When asked if the cemetery was being closed a clear answer was never given. Demands to remove the phone number from the volunteer website and any other contact information was relentless. It was asked that if the phone number was removed then an answer as to whether or not the cemetery was being closed should be given. People have a right to know what the decision is either way. If the cemetery was not being closed then it would help to clear up the matter and no more calls would probably come in. For a moment he made it clear that he was not interested in what the public had to say because it was "their" property. Toward the end of the conversation he requested that only the address to his office be published and that anyone with concerns can mail him a letter.

There are parallels to the Real Estate Management Office and Angie Johnson which should be of concern to anyone that cares about Bachelors Grove cemetery. But first, lets look back at recent efforts by the Forest Preserve District to clear the path leading to the cemetery, as well as the cemetery itself. While work was being performed a volunteer of the Grove Restoration Project was available to help document the activities. Then during the first weekend following maintenance coordinator Pete Crapia of the Grove Restoration Project was able to spend a number of hours out at the cemetery admiring all of the great work they did. Toward the end of the visit someone had driven up onto the grass of forest preserve property and parked at the roped off entrance to the path leading to the cemetery.

When a man and woman walking together approached the cemetery entrance the question was asked as to if they knew the owner of the car that had just parked there. The man answered that it was his car and he was then told that he might receive a ticket for parking there. He announced himself as the Superintendent to maintenance for the Forest Preserve District and that he would be fine. Conversation developed and he was thanked for all of the great work they did. He was visiting to evaluate the performance of the work but expressed that the cemetery was being closed and that the maintenance they performed was a single event. Later on while trying to discuss the meeting coming up for October 1st about volunteers returning to the area he said that maybe they would be out there again to do some work. Conversation after that was short and he gathered himself to leave with his companion. Upon leaving he said that we would see him again some time during October.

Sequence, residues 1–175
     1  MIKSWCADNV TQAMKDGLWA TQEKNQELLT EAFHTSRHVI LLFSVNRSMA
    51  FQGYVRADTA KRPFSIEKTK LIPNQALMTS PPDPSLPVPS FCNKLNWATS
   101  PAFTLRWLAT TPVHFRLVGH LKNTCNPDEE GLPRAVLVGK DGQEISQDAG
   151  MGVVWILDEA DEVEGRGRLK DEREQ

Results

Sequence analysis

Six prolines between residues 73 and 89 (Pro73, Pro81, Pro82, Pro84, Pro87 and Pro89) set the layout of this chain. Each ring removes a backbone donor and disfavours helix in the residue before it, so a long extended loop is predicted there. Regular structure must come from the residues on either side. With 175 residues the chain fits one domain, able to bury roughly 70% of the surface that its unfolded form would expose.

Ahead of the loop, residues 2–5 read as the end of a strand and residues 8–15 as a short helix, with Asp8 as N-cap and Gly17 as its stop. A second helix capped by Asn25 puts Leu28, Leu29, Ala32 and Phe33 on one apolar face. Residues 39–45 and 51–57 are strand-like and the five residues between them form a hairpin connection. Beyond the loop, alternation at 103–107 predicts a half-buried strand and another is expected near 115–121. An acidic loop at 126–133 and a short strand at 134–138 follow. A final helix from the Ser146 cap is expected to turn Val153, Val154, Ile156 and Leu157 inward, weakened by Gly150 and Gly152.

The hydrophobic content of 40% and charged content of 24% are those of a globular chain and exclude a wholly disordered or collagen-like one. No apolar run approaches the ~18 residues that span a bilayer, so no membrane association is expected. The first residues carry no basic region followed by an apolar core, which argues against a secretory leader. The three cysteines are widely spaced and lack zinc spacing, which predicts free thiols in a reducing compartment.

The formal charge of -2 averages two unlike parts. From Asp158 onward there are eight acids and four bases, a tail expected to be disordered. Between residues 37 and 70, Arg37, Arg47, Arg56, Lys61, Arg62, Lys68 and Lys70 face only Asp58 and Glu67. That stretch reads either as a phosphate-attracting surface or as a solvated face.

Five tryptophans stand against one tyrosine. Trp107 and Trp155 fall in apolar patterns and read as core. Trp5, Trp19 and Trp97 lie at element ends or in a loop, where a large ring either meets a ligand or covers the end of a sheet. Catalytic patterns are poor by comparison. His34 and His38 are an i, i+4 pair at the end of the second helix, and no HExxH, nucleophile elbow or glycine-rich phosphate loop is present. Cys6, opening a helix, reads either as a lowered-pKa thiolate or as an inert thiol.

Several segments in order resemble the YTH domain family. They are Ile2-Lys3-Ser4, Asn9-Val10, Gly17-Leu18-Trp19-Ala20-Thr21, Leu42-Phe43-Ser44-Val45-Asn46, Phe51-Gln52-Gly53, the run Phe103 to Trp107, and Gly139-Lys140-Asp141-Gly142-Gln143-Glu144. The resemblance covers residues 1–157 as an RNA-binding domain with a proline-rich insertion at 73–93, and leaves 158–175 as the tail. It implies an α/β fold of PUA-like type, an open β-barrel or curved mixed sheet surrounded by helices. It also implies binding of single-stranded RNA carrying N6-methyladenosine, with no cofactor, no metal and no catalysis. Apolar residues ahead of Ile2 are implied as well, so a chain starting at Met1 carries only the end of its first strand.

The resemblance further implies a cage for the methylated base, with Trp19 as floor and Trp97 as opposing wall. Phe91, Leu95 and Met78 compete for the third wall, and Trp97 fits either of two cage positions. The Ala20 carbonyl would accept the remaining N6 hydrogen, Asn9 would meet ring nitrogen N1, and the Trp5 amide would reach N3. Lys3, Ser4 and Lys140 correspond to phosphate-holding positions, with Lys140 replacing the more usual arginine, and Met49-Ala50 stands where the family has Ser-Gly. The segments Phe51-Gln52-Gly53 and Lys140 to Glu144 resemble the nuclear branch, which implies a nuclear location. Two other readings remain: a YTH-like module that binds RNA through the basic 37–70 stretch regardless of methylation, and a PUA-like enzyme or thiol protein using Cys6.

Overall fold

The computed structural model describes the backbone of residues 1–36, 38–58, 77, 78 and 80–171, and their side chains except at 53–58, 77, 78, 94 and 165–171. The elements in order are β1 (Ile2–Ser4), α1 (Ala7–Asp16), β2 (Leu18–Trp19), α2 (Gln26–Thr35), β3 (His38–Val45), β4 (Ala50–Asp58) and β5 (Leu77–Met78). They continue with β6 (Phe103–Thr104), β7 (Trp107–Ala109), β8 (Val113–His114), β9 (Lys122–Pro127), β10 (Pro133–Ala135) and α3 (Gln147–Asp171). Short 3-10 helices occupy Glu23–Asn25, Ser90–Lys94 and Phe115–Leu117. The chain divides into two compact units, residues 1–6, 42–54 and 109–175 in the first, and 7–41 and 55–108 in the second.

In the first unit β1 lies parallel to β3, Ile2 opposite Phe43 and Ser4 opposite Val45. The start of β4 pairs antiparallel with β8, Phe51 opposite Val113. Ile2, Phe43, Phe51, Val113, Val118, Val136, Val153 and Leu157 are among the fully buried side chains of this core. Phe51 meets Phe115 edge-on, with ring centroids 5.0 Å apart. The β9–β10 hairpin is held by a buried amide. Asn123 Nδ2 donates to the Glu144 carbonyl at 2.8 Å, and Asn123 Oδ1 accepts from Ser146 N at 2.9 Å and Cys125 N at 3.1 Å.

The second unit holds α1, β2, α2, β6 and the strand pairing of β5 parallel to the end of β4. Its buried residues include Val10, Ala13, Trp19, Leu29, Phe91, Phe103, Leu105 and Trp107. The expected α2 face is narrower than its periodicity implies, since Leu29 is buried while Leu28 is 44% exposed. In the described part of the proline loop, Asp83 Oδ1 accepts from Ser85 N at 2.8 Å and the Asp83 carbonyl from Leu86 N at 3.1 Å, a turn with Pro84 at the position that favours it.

Here, once again, we have discussion about the cemetery being closed and in such a matter-of-fact way. So what is really going on and what does the future hold for Bachelors Grove cemetery? Back to the parallels of the Real Estate Management Office and Angie Johnson, we have the issue of closing the cemetery. But more importantly we have comments from both of them concerning public input on what is happening at a location that has been abused way too much. If certain elements of local government will turn its back on a vandalized cemetery that is part of public land and people want to help then those same people should at the very least be given the opportunity to say something. When those same persons are related to those buried there they have absolutely every right to know how the government is operating.

During the conversation with Angie Johnson on October 14th, she became very aggressive about the topic of putting up a fence and putting a lock on it. She was asked at one point what she would do if the public put up resistance to such a decision. The public has a right to know what decisions are being made. She made it perfectly clear by saying that the public has no rights to the property and should have nothing to say about what goes on there. In reference to the Grove Restoration Project telling the public about what she plans to be doing out at the cemetery, she went so far as to say "don't you dare tell anyone what is going on, you will ruin all of my work." We have the same attitude coming from the Real Estate Management Office about demanding that we pull their contact information off of the website and that the cemetery is "their" property. This coming from the same person that wanted to "wash their hands with the situation out there" and attempt to donate the cemetery to the Forest Preserve District.

What are your thoughts? If you do not want to contact the owners of the cemetery please consider leaving the Grove Restoration Project a message on the Public Feedback line we have been providing for many years. The number to voice your opinion is (708) 978-1234. We look forward to hearing from you!